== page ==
Affliction VP Tom Atencio Believes Station Casinos Will Go out of Business Early Next Year
Interestingly enough, Affliction co-founder Todd Beard has recently surfaced to voice his displeasure with the UFC, most notably on a recent appearance on "The Scott Ferrall Show."
"They threaten us personally, which is hilarious," Beard said. "Dana White, Lorenzo Fertita, they are tough guys. They're old school mafia guys, or wannabe old school mafia guys that their grandfather built their business and they are nothing. They’re nothing."
When asked about Beard's comments, Atencio seemingly shrugged them off.
"I will always do my fighting in the ring but my partner has just had it with them," Atencio said.
During his interview with Ferrall, Beard mentioned that Zuffa co-founders, Lorenzo and Frank Fertitta, are experiencing some financial trouble with their Palace Station Casino properties.
"They put their business five billion dollars in debt," Beard said in the interview."They’re in big touble right now. They are going to go out of business in February. Guaranteed. Station Casinos will go out of business in February for sure."
Atencio did not refute this claim.
"They want to talk about us being done by January," Atencio said. "Well, I will guarantee you that their Statino Casinos will be out of business by February...I have all the proof I need."
Of course, there are two sides to every story but an effort to get a response from someone at Zuffa was unsuccessful.
mattew riddle's tuf 8 blog
As for the show, I was going to start cutting down to 155 just so I could beat Junie senseless. After reading Ryan Bader’s blog I realized that Junie might be heading to 170 with Haagen-Dazs as the main sponsor. That and I promised my Mom I would never pick on children with special needs are the only reasons I have not flown out to Kentucky to smash him. I thought it would be impossible to have someone who is a bigger loser then Jeremy May on the show and they proved me wrong........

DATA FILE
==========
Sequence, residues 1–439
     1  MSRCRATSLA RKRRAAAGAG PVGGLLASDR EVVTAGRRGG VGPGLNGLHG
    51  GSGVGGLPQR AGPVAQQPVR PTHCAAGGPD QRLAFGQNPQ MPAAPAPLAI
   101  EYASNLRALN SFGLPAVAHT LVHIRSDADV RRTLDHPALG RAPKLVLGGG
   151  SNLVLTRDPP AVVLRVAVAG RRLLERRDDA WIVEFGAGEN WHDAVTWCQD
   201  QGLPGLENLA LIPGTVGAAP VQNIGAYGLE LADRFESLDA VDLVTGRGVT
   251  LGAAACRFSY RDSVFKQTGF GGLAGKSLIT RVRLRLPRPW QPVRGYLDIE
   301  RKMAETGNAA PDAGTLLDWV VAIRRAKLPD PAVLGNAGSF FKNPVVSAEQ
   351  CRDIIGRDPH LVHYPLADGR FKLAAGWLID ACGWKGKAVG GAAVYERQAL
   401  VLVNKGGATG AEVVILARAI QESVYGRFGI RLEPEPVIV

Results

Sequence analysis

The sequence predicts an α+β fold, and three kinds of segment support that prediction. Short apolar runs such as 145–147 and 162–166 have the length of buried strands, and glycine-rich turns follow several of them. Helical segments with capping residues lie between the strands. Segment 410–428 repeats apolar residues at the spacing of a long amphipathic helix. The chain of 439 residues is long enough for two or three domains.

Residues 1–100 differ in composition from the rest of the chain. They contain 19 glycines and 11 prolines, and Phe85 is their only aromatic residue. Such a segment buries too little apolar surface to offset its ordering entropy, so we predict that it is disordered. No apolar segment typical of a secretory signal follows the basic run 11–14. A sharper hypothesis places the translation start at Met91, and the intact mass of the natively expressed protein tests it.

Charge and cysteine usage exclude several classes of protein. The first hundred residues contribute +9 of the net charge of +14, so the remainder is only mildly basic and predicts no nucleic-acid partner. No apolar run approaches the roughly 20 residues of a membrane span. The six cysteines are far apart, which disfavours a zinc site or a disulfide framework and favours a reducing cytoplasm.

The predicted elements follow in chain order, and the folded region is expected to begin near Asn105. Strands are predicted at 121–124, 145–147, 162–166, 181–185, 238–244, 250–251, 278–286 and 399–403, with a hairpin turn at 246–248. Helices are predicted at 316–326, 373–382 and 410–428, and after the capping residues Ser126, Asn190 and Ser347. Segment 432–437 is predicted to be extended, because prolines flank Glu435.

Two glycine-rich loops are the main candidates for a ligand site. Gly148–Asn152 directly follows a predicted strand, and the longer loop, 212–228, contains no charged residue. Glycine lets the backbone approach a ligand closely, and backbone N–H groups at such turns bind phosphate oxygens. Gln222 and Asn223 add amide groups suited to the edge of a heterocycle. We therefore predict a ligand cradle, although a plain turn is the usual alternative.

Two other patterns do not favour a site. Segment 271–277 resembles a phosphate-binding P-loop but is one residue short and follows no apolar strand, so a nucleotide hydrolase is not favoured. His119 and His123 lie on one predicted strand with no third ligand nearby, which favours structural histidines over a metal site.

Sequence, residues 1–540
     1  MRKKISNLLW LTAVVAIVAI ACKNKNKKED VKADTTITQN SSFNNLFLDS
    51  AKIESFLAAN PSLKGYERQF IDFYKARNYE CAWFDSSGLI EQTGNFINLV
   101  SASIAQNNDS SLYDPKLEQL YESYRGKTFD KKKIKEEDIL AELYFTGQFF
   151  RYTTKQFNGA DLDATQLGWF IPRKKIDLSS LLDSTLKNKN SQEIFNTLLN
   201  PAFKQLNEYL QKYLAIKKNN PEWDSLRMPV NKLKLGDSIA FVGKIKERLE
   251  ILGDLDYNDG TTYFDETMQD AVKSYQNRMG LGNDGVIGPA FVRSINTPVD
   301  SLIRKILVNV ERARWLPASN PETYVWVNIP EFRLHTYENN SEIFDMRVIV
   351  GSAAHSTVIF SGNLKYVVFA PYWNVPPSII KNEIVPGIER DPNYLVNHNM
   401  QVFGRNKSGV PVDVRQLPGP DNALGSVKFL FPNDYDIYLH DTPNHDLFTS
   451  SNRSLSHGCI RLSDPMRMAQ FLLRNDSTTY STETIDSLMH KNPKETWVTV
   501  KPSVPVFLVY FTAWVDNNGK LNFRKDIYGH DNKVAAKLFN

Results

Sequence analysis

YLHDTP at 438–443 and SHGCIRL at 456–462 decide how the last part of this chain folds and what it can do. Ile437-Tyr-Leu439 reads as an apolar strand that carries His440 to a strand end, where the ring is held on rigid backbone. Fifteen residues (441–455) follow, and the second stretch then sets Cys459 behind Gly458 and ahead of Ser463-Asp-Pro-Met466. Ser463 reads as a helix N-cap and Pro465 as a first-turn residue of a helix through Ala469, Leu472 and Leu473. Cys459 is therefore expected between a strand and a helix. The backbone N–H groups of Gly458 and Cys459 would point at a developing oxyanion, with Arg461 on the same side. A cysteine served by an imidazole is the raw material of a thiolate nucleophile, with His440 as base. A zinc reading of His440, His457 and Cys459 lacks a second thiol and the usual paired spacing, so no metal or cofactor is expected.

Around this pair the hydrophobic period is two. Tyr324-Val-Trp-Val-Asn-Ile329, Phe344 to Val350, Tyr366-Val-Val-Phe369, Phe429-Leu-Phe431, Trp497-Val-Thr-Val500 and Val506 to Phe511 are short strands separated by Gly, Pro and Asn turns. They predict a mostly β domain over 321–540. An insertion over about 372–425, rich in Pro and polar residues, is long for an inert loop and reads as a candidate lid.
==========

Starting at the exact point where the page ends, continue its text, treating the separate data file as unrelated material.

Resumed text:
WAR CHIPPER!!!! I love the junie hate!
"The Ultimate Fighter 8" ratings improve; Junie Browning to thank?
This past Wednesday's episode of "The Ultimate Fighter: Team Nogueira vs. Team Mir," which featured controversial cast member Junie Browning's quarterfinal fight with Roli Delgado, scored 1.7 million viewers, an increase of nine percent from the season's first five episodes.
Additionally, the Oct. 22 episode had an audience 35 percent larger than the season low of 1.1 million that tuned in for the third episode of the reality series on Oct. 1.
Spike TV today sent the ratings information to MMAjunkie.com (www.mmajunkie.com) via email.
With the recent ratings revival, in doubt aided by the antics of Browning, the eighth season of the show is now averaging 1.6 million weekly viewers. The seventh season of the show ("The Ultimate Fighter: Team Rampage vs. Team Forrest"), which aired earlier this year, averaged 1.3 million viewers for its 11 regular-season episodes.
The only basic cable stations that beat Spike TV and "TUF" this week were Comedy Central (with "South Park" and "Chocolate News") and FX ("Son of Anarchy").
Wednesday's episode of "TUF" peaked with 1.9 million viewers for the Browning-Delgado fight, which took place in the final quarter hour of the show. Browning, whose drunken rampages and confrontations with other cast members have resulted in ratings jumps over the past few weeks, recently told MMAjunkie.com that his actions were the result of being locked in the "TUF" house.
"You're in Vegas, and you can't go anywhere or do anything, so you let loose a little crazier than I normally would." Browning said. "I don't necessarily act like that at home. I can go out to a bar and drink, but I don't mess with people or anything. Once you're in the house, it's almost like being in high school again. You're around a bunch of young guys, we're all crazy and drinking, and I don't like being messed with at all."
Jake Shields Wants in With UFC
Almost immediately after the news broke that EliteXC would be shutting down, just about everyone began to speculate what would happen to its fighters. On the top of that list is Jake Shields, likely to be one of the most sought after fighters from the roster. MMAWeekly.com spoke to the first and only EliteXC welterweight champion about his future